On the other hand, it is also horrific that TV Pink once again abused its national frequency and, contrary to the law, placed itself at the service of the governing regime and the atmosphere that it wishes to create.
This is nothing new for the owner of this television company, Željko Mitrović – he has fought via the screen with many, from Croatia to daily Blic, from Dragana Đilas and Čedomir Čupić to Aca Rodić.
However, if in the course of just two weeks you arrange two performances based on the idea of raising tension in society and creating the impression that Aleksandar Vučić is not only fighting to stay in power, but also for his very life, things gain a whole new dimension, and it becomes clear that something is certainly brewing here (though most likely not that being spoken about by Vučićević, rather something that this same Vučićević wants to hide by stating what he states).
Who is actually the idiot?
The events that brought Saturday to an end only confirm that we should expect the unexpected.
The Prime Minister first said that he would not postpone his trip to China, but that after that, and after the important events he has in early December, he will answer some questions of “others who have played”.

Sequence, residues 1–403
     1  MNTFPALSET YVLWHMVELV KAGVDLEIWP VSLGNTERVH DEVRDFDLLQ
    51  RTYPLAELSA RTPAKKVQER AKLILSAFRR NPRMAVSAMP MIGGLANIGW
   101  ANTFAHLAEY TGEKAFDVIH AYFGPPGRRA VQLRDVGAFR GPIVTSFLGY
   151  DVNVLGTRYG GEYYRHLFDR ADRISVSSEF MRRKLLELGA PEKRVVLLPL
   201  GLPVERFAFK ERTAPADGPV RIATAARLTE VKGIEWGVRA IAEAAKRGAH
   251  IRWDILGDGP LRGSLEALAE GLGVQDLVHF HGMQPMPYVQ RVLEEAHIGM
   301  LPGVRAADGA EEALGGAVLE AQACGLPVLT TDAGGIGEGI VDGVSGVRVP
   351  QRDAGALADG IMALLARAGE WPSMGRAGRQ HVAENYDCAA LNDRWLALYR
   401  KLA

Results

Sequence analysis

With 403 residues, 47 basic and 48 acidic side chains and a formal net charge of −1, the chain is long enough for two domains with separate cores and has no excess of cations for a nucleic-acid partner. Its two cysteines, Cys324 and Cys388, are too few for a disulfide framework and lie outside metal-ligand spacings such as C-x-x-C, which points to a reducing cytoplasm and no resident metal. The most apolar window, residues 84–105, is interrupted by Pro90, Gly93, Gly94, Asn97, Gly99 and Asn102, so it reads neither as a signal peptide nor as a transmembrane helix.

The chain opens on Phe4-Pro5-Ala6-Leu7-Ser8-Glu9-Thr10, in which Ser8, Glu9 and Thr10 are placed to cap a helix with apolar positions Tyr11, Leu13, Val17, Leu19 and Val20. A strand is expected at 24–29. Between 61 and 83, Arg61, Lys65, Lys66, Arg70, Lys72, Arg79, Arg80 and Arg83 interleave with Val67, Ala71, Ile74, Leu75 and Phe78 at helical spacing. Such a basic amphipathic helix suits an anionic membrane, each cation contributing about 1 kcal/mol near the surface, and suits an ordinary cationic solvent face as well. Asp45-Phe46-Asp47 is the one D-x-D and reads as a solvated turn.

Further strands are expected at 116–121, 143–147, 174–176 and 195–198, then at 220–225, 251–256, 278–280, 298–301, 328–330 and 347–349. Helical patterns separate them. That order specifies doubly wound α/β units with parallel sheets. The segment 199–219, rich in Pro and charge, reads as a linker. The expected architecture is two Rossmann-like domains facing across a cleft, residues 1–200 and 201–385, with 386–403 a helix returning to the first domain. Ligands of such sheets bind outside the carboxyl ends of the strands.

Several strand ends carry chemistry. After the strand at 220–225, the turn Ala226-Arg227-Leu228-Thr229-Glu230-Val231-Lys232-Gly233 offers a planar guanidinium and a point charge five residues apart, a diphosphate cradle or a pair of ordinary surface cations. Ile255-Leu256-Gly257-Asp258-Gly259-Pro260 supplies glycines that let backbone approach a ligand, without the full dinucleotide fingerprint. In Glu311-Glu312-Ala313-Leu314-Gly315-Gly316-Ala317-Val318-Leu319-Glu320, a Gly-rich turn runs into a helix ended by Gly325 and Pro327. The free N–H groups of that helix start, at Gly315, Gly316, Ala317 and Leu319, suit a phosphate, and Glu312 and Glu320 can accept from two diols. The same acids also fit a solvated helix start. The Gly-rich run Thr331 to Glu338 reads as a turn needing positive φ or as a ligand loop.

The female presenter, who is generally not known for asking questions or possessing any deeper understanding of the topic, was only able to interrupt a very excited Vučićević a couple of times, mainly just so she could hear herself
Vučićević appeared before the cameras again that same evening, this time on Studio B, where he urged viewers to follow what happens from Wednesday. “The chaos will culminate on Friday,” he announced.
Finally, the weekly edition of Kurir hit the streets with a front page showing Vučićević in a straitjacket, with the headline “Madman” and the sub-headline “This idiot is destroying Vučić”.
Vučićević’s announcement, if nothing else, constitutes a flagrant violation of the ban against causing unjustified public distress and alarm, which is not only regulated by law, but also by the Code of Conduct of Journalists of Serbia.
As for Kurir, it would be over the top to list the reasons why such a cover page would be unthinkable in the media in any remotely cultivated environment.
The morning programme with Vučićević in the lead role was comical in its own way. All of this, however, is no longer funny in the slightest.